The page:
If you’re a typical teenager, turning 18 means finishing high school, the start of college, maybe a job, and for most, a sense of liberation. But if you are aging out of foster care, it means the safety net disappears. Currently in the U.S. there are more than 5.5 million young adults between the ages of 18 and 24 who are unemployed and not in school. This group of Millennials is known as Opportunity Youth, and inside this hard-to-reach population exists an even harder-to-reach group: Transitional Age Youth (TAY). TAY consists of young adults ages 16 to 21 who are aging out of foster care. Every year, nearly 20,000 youth are released from care and lose benefits for food, housing, and education. According to KidsData.Org, freedom for the group is often poverty in the making. In an effort to learn more about the unique needs of TAY and the best ways to reach them, LeadersUp conducted a series of focus groups with the Transitional Age Youth (TAY) community in Los Angeles County, home to the largest population of children in foster care in the United States. 1
“Studies of youth who have left foster care have shown they are more likely than those in the general population to not finish high school, be unemployed, and be dependent on public assistance. Many find themselves in prison, homeless, or parents at an early age.”2 Equipping individuals with the necessary career skills and pathways that lead to vibrant, financially stable, and thriving lives is at the core of LeadersUp’s commitment to young adults. As a talent development intermediary focused on ending the youth unemployment crisis and closing the Opportunity Divide, it is essential to understand the groups who are in need of skills training and employment opportunities. TAY, like their peers, are individualistic optimists who want to be taken seriously. They are innate social connectors and communicators who equate success with the quality of life, not the size of a paycheck. Most notably, they are independent leaders who want real opportunities.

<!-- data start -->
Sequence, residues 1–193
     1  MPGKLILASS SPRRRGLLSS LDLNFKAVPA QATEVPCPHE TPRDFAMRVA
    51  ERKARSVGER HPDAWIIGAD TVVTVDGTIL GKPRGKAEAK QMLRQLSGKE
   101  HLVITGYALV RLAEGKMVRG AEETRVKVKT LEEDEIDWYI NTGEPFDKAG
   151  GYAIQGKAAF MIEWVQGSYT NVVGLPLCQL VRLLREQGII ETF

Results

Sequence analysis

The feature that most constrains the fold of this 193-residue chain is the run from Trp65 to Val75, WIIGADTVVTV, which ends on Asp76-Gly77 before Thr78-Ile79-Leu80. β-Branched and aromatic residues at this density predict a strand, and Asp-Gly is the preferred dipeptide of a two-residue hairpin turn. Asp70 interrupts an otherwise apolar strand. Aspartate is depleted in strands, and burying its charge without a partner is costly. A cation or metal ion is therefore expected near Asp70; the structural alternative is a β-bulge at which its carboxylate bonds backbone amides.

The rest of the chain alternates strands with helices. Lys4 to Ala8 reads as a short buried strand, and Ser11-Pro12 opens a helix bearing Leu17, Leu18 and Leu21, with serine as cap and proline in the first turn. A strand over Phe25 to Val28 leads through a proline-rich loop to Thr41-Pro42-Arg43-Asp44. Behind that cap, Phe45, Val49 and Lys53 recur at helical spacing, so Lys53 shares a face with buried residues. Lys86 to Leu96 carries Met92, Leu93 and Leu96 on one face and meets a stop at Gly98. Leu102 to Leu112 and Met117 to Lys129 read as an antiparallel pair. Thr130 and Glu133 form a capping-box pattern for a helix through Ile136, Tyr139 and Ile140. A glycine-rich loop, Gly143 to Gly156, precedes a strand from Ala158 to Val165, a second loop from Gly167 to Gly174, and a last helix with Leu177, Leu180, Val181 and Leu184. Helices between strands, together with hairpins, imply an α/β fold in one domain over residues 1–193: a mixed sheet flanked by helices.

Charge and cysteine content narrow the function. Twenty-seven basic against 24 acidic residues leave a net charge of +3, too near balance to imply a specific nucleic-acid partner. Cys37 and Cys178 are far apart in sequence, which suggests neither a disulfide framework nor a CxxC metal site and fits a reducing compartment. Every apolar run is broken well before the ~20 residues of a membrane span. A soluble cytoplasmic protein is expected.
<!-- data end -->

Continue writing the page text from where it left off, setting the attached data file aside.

The Multifaceted TAY Population
Our TAY focus group found the use of social media and digital outreach by LeadersUp as the right move, and many saw the benefits of having both an online flier and physical fliers for social media posts. For example, a focus group attended by 17 young adults (9 women, 8 men), average age of 19, found there was a preference for conveying messages through humor in the form of gifs, memes, and eye-catching graphics instead of lengthy posts and fliers.
We also discovered that there was dissatisfaction in marketing strategies using urban slang in outreach and engagement efforts. The young people who belong to the Opportunity Youth demographic want to break away from the stereotypical mold of identification and representation based on race and ethnicity. By exploiting urban culture, they state that organizations such as LeadersUp are feeding into media bias regarding the African American and Hispanic communities. They preferred straightforward and professional language when being talked to—rather than any kind of language that panders to urban culture.